The only way Underoath could’ve been a functioning band again was if we burnt the house down. There were no plans of getting back together or even hanging out, we went a couple of years without even speaking to each other. Just growing up as kids in this band … we fucked it up and we fucked each other up. It was very unhealthy and at times it was awful. There was a lot of great memories but at times we couldn’t even enjoy those because of how we treated each other. I think the hiatus, not only gave us the confidence to be who we wanted to be but it had to be done. I was one of the guys that didn’t want the band to break up but in hindsight, it had to happen. We were never going to forgive each other and we were never going to listen to each or understand each other the way we do now if we hadn’t gone through that. You have to hit rock bottom before you can get to the top, as a band we had to completely bottom out and start fresh.
Onto the Amity shows! The one thing that’s super exciting about them is that the Brisbane leg will be a mini festival. You’ve got to be stoked to be a part of that!
Yeah, we’re super excited. It’s been over a decade since Underoath has had the opportunity to play Australia without headlining. That means there’s potentially an opportunity for us to play to new people. Headlining is great but getting an opportunity to play for people that haven’t heard of your music allows your band to grow.
It’s been over a decade since Underoath has had the opportunity to play Australia without headlining. That means there’s potentially an opportunity for us to play to new people.
[ Spencer Chamberlain ]
So the last time you were here it was actually as headliners for Unify Gathering, was it daunting to jump into that slot so soon after the release of Erase Me?
We don’t know [laughs]. That was a question that was asked a lot and being an American band that’s never played Unify … we didn’t know what kind of festival it was and if there was supposed to be pressure or not. We were asked to do it and we thought it was a good idea and our friends in Taking Back Sunday were headlining the other night. There wasn’t much thought in it other than it being cool that we were asked to headline. We had a great time though.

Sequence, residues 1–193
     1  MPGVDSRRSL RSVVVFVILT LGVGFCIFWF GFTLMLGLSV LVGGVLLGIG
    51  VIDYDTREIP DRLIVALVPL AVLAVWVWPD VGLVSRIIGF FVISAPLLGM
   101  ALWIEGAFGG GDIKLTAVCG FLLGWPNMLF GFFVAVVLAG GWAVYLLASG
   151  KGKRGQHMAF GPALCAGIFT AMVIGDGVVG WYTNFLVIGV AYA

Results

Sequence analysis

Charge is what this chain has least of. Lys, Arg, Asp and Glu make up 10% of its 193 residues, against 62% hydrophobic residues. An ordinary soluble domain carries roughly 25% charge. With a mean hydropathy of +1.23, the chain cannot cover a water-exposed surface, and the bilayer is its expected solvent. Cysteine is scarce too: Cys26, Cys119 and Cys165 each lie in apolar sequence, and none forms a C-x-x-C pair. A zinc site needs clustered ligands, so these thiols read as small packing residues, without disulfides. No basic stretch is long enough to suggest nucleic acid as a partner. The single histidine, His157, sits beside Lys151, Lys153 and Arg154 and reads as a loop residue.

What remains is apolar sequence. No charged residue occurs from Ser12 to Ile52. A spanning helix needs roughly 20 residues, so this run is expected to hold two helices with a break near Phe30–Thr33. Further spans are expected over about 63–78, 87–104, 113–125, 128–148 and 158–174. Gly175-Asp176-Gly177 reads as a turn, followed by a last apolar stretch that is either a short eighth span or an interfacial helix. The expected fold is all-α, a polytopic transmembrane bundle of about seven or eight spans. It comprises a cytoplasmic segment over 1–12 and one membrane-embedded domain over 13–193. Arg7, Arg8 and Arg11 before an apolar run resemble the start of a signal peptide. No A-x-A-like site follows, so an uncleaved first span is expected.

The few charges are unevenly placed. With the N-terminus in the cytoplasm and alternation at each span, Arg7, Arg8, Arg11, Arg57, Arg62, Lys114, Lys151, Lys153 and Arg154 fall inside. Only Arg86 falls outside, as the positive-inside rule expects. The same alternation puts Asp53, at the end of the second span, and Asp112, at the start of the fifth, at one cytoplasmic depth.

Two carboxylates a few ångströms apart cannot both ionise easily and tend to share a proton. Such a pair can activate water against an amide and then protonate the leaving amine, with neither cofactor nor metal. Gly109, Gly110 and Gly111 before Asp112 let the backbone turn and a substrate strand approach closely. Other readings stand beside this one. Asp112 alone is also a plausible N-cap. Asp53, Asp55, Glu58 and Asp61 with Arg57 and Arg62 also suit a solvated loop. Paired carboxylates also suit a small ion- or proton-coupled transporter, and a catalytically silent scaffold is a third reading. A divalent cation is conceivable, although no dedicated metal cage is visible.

What’s one thing that’s always stuck out to you with Australian crowds
They’re nice [laughs]. As an American band, there’s a lot of places that aren’t that nice to you because they don’t like America that much. The people in Australia are always really nice and easy to talk to and have always treated us with such respect, it’s awesome.
Obviously, there’s been so much growth within the band over the years, how do you feel about playing those old tracks now?
I think it’s great. I’ve never complained about playing most old songs, give or take a few. The ones we choose to play are the ones our fans want to hear. It doesn’t bother me to play something super old because you see how it affects people in the crowd. The only time it really bothers me is when we play something old and people just don’t get into it, but then we know for next time to not play that song [laughs].
Are there any plans in the near future for the band to come out on their own?
I don’t know, we came on the Rebirth tour and then for Unify and now we’re doing this. I’m not sure if we’ll be back until we make another record. I could be wrong but I don’t think there are plans as of now.
Catch Underoath with The Amity Affliction, Crossfaith and Pagan at the following dates:
SYDNEY // Thursday 12 September // Hordern Pavilion
BRISBANE // Saturday 14 September // Heaven & Hell Festival @Riverstage (Also featuring Trophy Eyes, Make Them Suffer, Void Of Vision, South East Desert Metal, Endless Heights & Thornhill)
MELBOURNE // Monday 16 September // Melbourne Arena